Neuroscout, a unified platform for generalizable and reproducible fMRI research

  1. Alejandro de la Vega  Is a corresponding author
  2. Roberta Rocca
  3. Ross W Blair
  4. Christopher J Markiewicz
  5. Jeff Mentch
  6. James D Kent
  7. Peer Herholz
  8. Satrajit S Ghosh
  9. Russell A Poldrack
  10. Tal Yarkoni
  1. The University of Texas at Austin, United States
  2. Aarhus University, Denmark
  3. Stanford University, United States
  4. Massachusetts Institute of Technology, United States
  5. McGill University, Canada

Abstract

Functional magnetic resonance imaging (fMRI) has revolutionized cognitive neuroscience, but methodological barriers limit the generalizability of findings from the lab to the real world. Here, we present Neuroscout, an end-to-end platform for analysis of naturalistic fMRI data designed to facilitate the adoption of robust and generalizable research practices. Neuroscout leverages state-of-the-art machine learning models to automatically annotate stimuli from dozens of fMRI studies using naturalistic stimuli-such as movies and narratives-allowing researchers to easily test neuroscientific hypotheses across multiple ecologically-valid datasets. In addition, Neuroscout builds on a robust ecosystem of open tools and standards to provide an easy-to-use analysis builder and a fully automated execution engine that reduce the burden of reproducible research. Through a series of meta-analytic case studies, we validate the automatic feature extraction approach and demonstrate its potential to support more robust fMRI research. Owing to its ease of use and a high degree of automation, Neuroscout makes it possible to overcome modeling challenges commonly arising in naturalistic analysis and to easily scale analyses within and across datasets, democratizing generalizable fMRI research.

Data availability

All code from our processing pipeline and core infrastructure is available online (https://www.github.com/neuroscout/neuroscout). An online supplement including all analysis code and resulting images is available as a public GitHub repository (https://github.com/neuroscout/neuroscout-paper).All analysis results are made publicly available in a public GitHub repository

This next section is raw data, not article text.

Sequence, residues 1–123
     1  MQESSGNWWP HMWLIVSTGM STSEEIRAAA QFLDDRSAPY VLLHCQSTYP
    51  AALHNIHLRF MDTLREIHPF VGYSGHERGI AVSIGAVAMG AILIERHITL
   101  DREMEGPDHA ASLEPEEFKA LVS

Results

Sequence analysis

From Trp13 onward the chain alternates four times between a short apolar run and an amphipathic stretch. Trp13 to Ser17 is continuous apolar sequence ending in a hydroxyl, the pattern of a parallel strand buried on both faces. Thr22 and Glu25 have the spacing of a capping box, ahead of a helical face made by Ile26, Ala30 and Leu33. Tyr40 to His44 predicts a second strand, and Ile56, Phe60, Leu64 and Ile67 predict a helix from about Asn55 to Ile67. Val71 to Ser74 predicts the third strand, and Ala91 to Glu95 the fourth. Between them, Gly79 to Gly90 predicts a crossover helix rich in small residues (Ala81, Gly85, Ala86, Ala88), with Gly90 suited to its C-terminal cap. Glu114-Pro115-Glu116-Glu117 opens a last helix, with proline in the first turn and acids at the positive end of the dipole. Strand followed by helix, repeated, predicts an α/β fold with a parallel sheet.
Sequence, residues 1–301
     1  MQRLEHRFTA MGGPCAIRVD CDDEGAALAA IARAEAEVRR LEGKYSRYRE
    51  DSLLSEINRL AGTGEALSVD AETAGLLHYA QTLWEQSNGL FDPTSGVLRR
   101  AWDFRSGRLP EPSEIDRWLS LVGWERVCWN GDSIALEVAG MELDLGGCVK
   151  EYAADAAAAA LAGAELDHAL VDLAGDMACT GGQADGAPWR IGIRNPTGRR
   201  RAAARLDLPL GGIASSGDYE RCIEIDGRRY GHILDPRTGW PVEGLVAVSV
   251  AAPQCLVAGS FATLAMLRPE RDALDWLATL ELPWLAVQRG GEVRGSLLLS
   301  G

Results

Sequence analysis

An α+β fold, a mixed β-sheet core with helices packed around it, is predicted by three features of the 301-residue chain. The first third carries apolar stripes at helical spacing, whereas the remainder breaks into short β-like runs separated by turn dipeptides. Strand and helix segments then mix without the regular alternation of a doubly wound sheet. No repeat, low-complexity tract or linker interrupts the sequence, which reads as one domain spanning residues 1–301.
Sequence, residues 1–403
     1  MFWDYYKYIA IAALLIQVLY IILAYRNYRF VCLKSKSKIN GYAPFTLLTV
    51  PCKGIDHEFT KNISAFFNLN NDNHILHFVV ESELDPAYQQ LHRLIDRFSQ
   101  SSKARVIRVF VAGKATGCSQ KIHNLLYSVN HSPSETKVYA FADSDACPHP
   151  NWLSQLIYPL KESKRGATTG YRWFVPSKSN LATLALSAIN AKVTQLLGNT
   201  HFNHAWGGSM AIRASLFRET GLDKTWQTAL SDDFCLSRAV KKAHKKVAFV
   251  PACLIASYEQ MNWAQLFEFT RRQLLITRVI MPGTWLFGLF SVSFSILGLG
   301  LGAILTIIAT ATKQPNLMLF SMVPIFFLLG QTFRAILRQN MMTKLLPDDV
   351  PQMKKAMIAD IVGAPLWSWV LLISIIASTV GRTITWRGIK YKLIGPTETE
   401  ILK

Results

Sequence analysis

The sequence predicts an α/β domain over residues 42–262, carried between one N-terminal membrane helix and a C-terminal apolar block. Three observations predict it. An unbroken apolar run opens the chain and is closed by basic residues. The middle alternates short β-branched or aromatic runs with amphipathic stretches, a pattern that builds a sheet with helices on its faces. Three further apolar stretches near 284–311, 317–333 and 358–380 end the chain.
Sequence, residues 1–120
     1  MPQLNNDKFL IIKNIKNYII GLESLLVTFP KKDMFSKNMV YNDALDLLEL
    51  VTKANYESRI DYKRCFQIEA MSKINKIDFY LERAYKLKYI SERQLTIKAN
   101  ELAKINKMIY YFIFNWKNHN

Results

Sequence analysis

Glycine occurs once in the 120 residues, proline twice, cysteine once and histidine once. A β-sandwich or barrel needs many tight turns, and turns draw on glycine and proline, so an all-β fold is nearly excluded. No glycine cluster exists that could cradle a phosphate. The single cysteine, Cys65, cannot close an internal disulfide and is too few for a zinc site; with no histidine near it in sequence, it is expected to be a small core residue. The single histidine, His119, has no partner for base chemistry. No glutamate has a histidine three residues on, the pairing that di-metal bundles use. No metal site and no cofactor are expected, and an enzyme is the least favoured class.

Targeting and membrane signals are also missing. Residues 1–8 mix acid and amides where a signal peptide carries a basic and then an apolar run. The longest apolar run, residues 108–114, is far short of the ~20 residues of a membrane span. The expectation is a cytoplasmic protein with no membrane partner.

The following previously published data sets were used
    1. Hanke M
    2. et al
    (2014) studyforrest
    OpenNeuro, doi:10.18112/ openneuro.ds000113 .v1.3.0.
    1. Nastase SA
    2. et al
    (2021) Narratives
    OpenNeuro, doi:10.18112/openneuro.ds002345 .v1.1.4.

Article and author information

Author details

  1. Alejandro de la Vega

    Department of Psychology, The University of Texas at Austin, Austin, United States
    For correspondence
    delavega@utexas.edu
    Competing interests
    The authors declare that no competing interests exist.
    ORCID icon "This ORCID iD identifies the author of this article:" 0000-0001-9062-3778
  2. Roberta Rocca

    Interacting Minds Centre, Aarhus University, Aarhus, Denmark
    Competing interests
    The authors declare that no competing interests exist.
  3. Ross W Blair

    Department of Psychology, Stanford University, Stanford, United States
    Competing interests
    The authors declare that no competing interests exist.
  4. Christopher J Markiewicz

    Department of Psychology, Stanford University, Stanford, United States
    Competing interests
    The authors declare that no competing interests exist.